Harwich Harbour Authority
Recent visit to St Paul's Cathedral
Led by Staff Captain Eric Tinney a happy party of ten Club members attended the Annual National Service for Seafarers at St Paul’s Cathedral at 5.00 pm on Wednesday 12th October.
As we waited outside to enter the various security checking systems, we were entertained by the St Paul’s Cathedral Guild of Ringers who rang Stedman Cinques before (and after) the service. To hear the bells ringing out over the environs was wonderful and then, having taken our seats, we were entertained by the Band of Her Majesty’s Royal Marines Portsmouth and also Simon Johnson the organist of St Paul’s who played nautical pieces.
Soon after the representatives of Trinity House, including Elder Brother and FMMC member Captain Nigel Palmer OBE, MNM, had taken their places, flags of more than 20 nautical organisations including some of our supported charities were borne through the Nave to the Dais. The Lord Mayor and, a little later, HRH The Princess Royal, preceded by a glorious Fanfare, were received at the Great West Door. They processed and took their places under the Dome and the Lead Colour of the Royal Hospital School Holbrook was presented at the Dome Altar.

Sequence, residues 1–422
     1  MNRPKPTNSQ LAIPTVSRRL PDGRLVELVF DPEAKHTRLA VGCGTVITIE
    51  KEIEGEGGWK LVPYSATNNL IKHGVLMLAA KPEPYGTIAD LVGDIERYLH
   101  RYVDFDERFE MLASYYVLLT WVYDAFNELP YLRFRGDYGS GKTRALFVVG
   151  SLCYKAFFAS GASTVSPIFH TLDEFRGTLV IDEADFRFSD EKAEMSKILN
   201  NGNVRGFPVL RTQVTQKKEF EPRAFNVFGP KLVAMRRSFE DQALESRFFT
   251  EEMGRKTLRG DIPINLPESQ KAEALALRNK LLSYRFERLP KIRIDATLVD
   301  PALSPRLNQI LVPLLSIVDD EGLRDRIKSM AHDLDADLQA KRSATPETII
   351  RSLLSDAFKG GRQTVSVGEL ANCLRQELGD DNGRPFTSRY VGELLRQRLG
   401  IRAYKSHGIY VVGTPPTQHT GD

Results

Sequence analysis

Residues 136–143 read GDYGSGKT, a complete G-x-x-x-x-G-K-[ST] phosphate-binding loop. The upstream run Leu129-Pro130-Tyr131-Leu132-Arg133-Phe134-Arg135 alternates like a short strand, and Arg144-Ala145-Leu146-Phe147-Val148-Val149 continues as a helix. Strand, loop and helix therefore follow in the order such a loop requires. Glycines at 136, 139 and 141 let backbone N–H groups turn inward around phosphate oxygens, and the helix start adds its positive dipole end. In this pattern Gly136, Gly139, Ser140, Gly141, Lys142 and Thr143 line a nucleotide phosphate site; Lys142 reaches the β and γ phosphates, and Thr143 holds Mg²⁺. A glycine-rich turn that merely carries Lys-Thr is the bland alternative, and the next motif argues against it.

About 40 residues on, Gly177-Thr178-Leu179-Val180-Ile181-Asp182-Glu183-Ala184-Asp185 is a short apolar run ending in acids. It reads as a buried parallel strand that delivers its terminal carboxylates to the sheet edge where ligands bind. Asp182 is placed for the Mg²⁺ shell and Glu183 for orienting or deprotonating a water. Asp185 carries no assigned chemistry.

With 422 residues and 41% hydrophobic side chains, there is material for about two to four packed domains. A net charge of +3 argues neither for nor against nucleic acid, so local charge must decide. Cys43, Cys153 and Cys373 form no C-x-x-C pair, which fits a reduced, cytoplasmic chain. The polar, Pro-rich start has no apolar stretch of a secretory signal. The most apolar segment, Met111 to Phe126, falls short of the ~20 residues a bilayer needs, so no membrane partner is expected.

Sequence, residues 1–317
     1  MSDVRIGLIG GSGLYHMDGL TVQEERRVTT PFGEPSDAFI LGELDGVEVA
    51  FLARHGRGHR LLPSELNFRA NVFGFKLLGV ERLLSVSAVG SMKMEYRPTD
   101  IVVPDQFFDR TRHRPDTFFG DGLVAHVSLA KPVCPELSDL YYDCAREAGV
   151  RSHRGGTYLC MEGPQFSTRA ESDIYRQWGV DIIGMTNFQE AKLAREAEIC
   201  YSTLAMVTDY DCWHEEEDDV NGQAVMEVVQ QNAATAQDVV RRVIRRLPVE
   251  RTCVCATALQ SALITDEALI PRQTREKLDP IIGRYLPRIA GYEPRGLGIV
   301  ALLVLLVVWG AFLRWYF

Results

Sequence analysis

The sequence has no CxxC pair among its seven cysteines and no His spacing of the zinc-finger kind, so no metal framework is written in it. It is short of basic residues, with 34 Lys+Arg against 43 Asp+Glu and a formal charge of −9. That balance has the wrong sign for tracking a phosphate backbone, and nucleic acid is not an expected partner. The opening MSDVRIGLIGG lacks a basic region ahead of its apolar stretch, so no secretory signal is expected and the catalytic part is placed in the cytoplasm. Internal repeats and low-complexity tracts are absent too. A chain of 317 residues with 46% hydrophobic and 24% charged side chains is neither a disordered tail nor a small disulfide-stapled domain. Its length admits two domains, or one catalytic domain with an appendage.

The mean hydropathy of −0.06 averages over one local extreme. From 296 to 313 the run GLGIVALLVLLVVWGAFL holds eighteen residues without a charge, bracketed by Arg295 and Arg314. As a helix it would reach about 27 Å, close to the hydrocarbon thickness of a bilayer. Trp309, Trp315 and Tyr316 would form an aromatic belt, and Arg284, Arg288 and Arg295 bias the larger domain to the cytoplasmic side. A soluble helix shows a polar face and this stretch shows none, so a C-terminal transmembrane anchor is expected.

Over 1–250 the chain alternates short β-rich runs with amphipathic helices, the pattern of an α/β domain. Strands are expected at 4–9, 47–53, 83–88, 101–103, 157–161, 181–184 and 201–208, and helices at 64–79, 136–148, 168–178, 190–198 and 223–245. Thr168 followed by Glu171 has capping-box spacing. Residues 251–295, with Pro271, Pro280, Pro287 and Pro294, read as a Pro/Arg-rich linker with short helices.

Five combined choirs conducted by William Saunders, Director of Music, The Royal Hospital School and the magnificent Cathedral organ led the congregation in the singing of the hymns, we were also entertained by two superb anthems from the combined Choirs, the Dean The Very Reverend David Ison, delivered his sermon and The Reverend Tim Wilkinson, QHC, RN, Naval Chaplain led the Naval Prayer.
The Lead Colour of the Royal Hospital School having been returned, and the congregation having sung the National Anthem, the service closed. The Princess Royal was escorted to the Great West Door and her Rolls-Royce. She was followed by the Lord Mayor, the flags and the representatives of Trinity House. The band and the organ played us out with a Life on the Ocean Wave and we took the big red bus to HQS Wellington where the Staff Captain, who had booked us in as his PGs, entertained us at his table.
A truly memorable day!
Captain David Ingham sworn in as a Freeman of The Honourable Company of Master Mariners